American readers: Happy Independence Day! Non-American readers: Happy weekend!

Jiu Jiu’s Note: Big news in my household: we are NOT moving this fall. My husband’s orders were rescinded, as the band he was going to move to is shutting down. Most likely in response to this amendment which would ban military bands from playing any social gigs. We will stay another year in Virginia, then our next post is to be determined. I will be training with Diego Bispo both at Diego Bispo Academy and at MAMMA’s Boys

The first week of summer was hectic. We enrolled stepson in a BJJ kids camp at Diego Bispo Academy, and I helped out! It was Monday through Friday, 9am to 1pm. In addition to helping out the kids, there were lots of bits of advice I gave out that I think is helpful even for adults.

All the little troopers at our BJJ kids summer camp. Photo courtesy of Diego Bispo Academy.

All the little troopers at our BJJ kids summer camp. Photo courtesy of Diego Bispo Academy.


I’ve been guilty of this myself. When I got my black eye, I sat in the middle of the mats and cried. After that, though, I made it a point to cry in the locker room, away from the mat.

What happens when you cry on the mats: things stop. People get worried. It feels weird and callus to just go on and ignore it. It’s normal to want to check on someone. It’s also normal to want to be alone when you cry.

What you should do: Just get off the mats. Excuse yourself quickly. Walk off the mats. Have a good cry. Tears have been shown to have positive benefits: getting rid of negative chemicals, reducing stress, etc. Come back when you’re ready and steady.


What happens when you roll while mad: people get hurt, either you or your partner. When you’re mad, it’s easy to interpret normal partner actions as intentional and aggressive. When you’re mad, it’s easy to respond with more force and aggression. I’ve never had a good outcome when I rolled while mad. Instead, I got more frustrated.

What you should do: Excuse yourself from training. Tap out, say “I need a break” or “I need a minute.” You don’t need to explain that you’re pissed off. Calm yourself down and roll when you feel more normal. That might mean that you’re done for the day.


Jiu jitsu is a very physical sport. If there is someone who you don’t like, or who doesn’t like you, there is still a very good possibility that you’ll be partnered with them at some point because jiu jitsu is still a very small sport.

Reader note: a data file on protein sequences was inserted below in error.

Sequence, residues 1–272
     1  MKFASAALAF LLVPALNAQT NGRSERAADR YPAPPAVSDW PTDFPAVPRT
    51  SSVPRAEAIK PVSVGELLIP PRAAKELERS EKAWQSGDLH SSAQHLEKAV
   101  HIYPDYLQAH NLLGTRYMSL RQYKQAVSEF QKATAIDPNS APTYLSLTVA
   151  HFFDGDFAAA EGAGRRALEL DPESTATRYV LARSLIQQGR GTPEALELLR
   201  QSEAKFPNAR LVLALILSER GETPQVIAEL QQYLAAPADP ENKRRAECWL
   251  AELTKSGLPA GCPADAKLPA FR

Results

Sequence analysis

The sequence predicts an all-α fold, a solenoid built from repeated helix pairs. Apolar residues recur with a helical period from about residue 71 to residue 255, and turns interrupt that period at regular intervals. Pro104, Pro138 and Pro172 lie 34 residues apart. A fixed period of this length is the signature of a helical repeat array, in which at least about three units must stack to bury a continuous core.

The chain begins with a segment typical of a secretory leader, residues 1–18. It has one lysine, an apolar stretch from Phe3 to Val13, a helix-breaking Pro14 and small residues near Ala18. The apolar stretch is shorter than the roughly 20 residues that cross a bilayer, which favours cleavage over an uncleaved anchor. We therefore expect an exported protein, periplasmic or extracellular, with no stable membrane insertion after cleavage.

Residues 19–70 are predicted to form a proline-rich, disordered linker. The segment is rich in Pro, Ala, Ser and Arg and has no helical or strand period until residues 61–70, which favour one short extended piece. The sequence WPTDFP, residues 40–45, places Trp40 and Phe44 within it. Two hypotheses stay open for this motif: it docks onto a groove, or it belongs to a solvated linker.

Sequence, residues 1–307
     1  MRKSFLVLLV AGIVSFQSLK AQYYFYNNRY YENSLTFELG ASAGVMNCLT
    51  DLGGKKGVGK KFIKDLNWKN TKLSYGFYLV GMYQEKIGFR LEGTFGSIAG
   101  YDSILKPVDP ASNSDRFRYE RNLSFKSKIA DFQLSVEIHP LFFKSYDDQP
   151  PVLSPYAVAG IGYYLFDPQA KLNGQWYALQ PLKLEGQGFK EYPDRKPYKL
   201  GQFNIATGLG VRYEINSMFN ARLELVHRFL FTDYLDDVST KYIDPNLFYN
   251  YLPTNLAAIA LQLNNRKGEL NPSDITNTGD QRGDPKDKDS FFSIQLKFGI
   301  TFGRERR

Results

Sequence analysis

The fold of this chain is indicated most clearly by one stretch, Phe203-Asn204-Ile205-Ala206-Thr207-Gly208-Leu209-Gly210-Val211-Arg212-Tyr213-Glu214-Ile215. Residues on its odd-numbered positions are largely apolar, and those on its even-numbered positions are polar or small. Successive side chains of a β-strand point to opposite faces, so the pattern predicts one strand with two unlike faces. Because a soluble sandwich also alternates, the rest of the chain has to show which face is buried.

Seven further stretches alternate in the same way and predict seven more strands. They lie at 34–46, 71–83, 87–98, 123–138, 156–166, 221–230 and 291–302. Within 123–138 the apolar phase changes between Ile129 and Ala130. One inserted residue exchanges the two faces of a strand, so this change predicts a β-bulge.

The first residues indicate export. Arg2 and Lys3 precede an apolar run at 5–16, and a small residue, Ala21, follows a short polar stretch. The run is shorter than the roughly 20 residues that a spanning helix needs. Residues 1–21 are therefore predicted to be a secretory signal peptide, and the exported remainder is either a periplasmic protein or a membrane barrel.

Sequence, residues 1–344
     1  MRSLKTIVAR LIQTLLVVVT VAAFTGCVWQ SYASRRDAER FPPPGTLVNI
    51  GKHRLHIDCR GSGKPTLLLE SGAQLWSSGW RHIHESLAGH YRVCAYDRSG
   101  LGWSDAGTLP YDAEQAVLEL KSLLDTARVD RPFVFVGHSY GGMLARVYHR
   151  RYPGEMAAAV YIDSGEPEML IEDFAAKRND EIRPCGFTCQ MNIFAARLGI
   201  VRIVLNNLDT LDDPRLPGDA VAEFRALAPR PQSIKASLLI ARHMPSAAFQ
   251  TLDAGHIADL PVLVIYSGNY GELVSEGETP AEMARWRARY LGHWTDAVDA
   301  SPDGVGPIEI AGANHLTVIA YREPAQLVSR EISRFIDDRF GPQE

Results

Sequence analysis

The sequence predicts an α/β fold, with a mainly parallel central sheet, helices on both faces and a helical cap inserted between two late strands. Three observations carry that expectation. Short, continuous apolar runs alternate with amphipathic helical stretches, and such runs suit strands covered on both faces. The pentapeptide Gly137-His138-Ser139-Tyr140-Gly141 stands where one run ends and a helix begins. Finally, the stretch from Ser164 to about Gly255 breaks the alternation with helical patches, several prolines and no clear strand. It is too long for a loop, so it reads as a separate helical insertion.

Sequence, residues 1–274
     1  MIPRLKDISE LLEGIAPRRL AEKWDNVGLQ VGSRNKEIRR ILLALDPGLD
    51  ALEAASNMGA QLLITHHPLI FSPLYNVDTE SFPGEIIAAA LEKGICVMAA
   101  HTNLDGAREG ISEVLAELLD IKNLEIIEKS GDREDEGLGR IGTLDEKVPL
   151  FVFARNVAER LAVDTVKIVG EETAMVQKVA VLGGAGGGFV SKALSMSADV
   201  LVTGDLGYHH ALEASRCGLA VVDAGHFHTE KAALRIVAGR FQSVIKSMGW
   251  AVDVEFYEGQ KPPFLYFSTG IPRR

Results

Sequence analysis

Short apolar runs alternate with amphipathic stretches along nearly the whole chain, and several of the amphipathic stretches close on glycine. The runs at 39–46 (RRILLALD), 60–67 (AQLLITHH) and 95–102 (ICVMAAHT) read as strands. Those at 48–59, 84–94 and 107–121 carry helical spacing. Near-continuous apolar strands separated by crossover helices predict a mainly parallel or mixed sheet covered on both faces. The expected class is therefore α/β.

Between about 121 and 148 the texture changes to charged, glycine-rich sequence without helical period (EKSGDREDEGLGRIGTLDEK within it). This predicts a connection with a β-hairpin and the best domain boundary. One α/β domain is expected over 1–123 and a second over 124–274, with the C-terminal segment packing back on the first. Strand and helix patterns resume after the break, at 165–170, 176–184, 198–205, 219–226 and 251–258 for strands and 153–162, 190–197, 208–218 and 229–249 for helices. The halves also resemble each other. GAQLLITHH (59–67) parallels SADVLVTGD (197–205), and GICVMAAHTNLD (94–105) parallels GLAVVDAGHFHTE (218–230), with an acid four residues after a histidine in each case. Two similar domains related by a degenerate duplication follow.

What happens when you treat your partner negatively: It makes rolling personal. It escalates the negativity, which directly translates into a worse experience on the mats. It also means that it’s unfortunately easy to go harder to get back at someone, or to feel like you’re physically being bullied if the person is going harder and stronger than you want.

What you should do: If you know you can’t get along and you just hate that sonuvabitch, treat them like a stranger. That is to say: Don’t be rude. Greet them, say your pleases and thank yous, don’t go extra hard, and smile when you see them. These are manners. If you are somewhat neutral, do the same, but engage in friendly small talk. In both cases, you might consider asking them to do you a favor. It’s been shown that if you ask someone who hates you to do you a favor, they end up viewing you more favorably.


Oh man. Kids were HORRIBLE about this! Boys would get all weird when paired with girls, the little girls would be overly dramatic with their “ow ow ow”s, kids would take a million years to do their drills, kids would actively resist while their partners were trying to drill, and when rolling, they’d pwn the new kid.

What happens when you act weird to your partner: They have a sucky time. This means you are actively contributing to their negative experience in jiu jitsu. It means you may find it hard to find a partner if you act weird with some people.

What you should do: Have empathy for your partner. Don’t waste their time. Try to be helpful, try to let them use their time effectively, etc. If you’re partnered with the weird/different kid, treat them as you’d like to be treated at a new jiu jitsu gym. We don’t always get our ideal partners, so we should remember that we are someone’s less-than-ideal partner as well.


It happens again and again – online, in person – someone says “They did it on purpose!!!” It’s true for adults as well as kids.

What happens if you don’t give your partner the benefit of the doubt: You will build up animosity, convinced that they intentionally tried to slam you/hurt you. You will get frustrated and mad. You will make an enemy.

What you should do: Remind yourself that people often don’t realize how hard they’re going, and even though you might feel like you’re matching them, you may be contributing to them going even harder. Remind yourself that new folks (ie. white belts) aren’t as physically in control of their bodies as blue+ belts, who have generally been doing this longer. Remind yourself that accidents do happen and you’re probably going to accidentally hurt someone at some point. Finally, communicate with your partner. Use your words. “Can you go lighter?” “My shoulder hurts – please go slowly on shoulder locks.”

Jiu Jiu’s Question: What advice was helpful for you when you started? What advice do you tend to give (or get) a lot? Please share in the comments below!